In the entire cohort, 187 subjects had CKD. Only 34 (2.02%) subjects had reduced eGFR (defined as eGFR <60 ml/min/1.73m2). No subjects needed dialysis treatment. The prevalence of CKD in the entire cohort, normal-weight subpopulation and overweight/obese were 11.11% (187), 8.89% (92) and 14.66% (95), respectively (Figure 3). There was no significant difference in prevalence of CKD between IR and insulin sensitive subgroups in normal-weight subpopulation (8.91% vs 8.70%, P= 0.94). But in overweight/obese subpopulation, IR subgroup had significantly a higher prevalence of CKD than insulin sensitive subgroup (11.23% vs 19.34%,P=0.004.) (shown in the Figure 4).

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Figure 3. Prevalence of CKD in normal-weight and overweight/obese subpopulation.

doi:10.1371/journal.pone.0074058.g003
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Figure 4. Prevalence of CKD in normal-weight and overweight/obese subpopulation according to IR.

doi:10.1371/journal.pone.0074058.g004

Associations of IR with CKD in entire cohort, normal-weight and overweight/obese subpopulations

After adjustment for age and sex, IR was significant associated with CKD (RR 2.07, 95% CI 1.32, 3.26, P=0.002, comparing the highest to the lowest quartile) (table 3). After further adjustment for history of hypertension, history of coronary heart disease, history of stroke, current smoking, current alcohol use, physical inactivity, education attainment and taking Chinese medicine, the association of IR with CKD was also significant. The highest quartile HOMA-insulin resistance had a 70% increased risk for CKD (RR 1.70, 95% CI 1.07, 2.71, P=0.03). However, when adding obesity to the model, the association was abolished (RR 1.43, 95% CI 0.87, 2.36, P=0.16, comparing the highest to the lowest quartile). After adjustment for the potential confounders, age and history of hypertension were significantly associated with CKD in entire cohort.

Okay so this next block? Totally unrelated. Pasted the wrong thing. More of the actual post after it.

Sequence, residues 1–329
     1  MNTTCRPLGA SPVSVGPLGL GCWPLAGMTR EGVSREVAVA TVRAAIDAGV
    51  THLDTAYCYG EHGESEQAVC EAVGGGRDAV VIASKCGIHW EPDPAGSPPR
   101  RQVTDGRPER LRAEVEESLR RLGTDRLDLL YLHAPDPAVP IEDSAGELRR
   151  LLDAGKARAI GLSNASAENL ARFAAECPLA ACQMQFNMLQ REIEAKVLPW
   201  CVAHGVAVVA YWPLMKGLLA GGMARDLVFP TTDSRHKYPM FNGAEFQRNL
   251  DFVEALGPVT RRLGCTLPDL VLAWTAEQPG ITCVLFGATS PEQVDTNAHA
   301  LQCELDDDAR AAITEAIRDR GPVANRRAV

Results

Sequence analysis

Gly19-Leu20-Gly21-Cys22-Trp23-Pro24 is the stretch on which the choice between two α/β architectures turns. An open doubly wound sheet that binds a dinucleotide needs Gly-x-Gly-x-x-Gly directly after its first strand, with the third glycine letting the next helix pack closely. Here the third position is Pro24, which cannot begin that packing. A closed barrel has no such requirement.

Model one aModel two bModel three c
RR (95% CI)P valueRR (95% CI)P valueRR (95% CI)P value
Quartile one(n=421)ReferenceReferenceReference
HOMA-IR < 1.182
Quartile two (n=421)1.170.561.110.71.080.76
HOMA-IR:1.182-1.711(0.70, 1.94)(0.66, 1.85)(0.65, 1.81)
Quartile three (n=421)1.630.041.500.101.330.26
HOMA-IR:1.711-2.597(1.12, 2.63)(0.92, 2.43)(0.81, 2.20)
Quartile four (n=420)2.070.0021.700.031.430.16
HOMA-IR > 2.597(1.32, 3.26)(1.07, 2.71)(0.87, 2.36)

Table 3. Association of insulin resistance with CKD in entire cohort.

a Adjusted for age, sex
b Adjusted for age, sex, history of hypertension, history of coronary heart disease, history of stroke, current smoker, current alcohol use, physical inactivity, education attainment, and taking Chinese medicine
c Adjusted for above + obesity

As shown in table 4, the association of IR with CKD in normal-weight subpopulation was not significant. However in overweight/obese subpopulation, in a similar adjusted model, IR was associated with CKD (in the highest quartile HOMA-insulin resistance, RR 2.10, 95% CI 1.11, 3.97, P=0.02). Age, history of hypertension and history of coronary heart disease were associated with CKD in overweight/obese subpopulation.

Normal weightOverweight/obese
Model one aModel two bModel one aModel two b
RR (95% CI)P valueRR (95% CI)P valueRR (95% CI)P valueRR (95% CI)P value
Quartile oneReferenceReferenceReferenceReference
Quartile two0.750.390.710.330.660.260.750.46
(0.38, 1.45)(0.36, 1.41)(0.32, 1.37)(0.35, 1.59)
Quartile three0.860.660.880.711.140.691.090.81
(0.45, 1.67)(0.45, 1.72)(0.59, 2.20)(0.55, 2.12)
Quartile four1.310.371.190.571.980.032.100.02
(0.73, 2.37)(0.64, 2.22)(1.07, 3.64)(1.11, 3.97)

Table 4. Association of insulin resistance with CKD in normal-weight and overweight/obese subjects.

a Adjusted for age, sex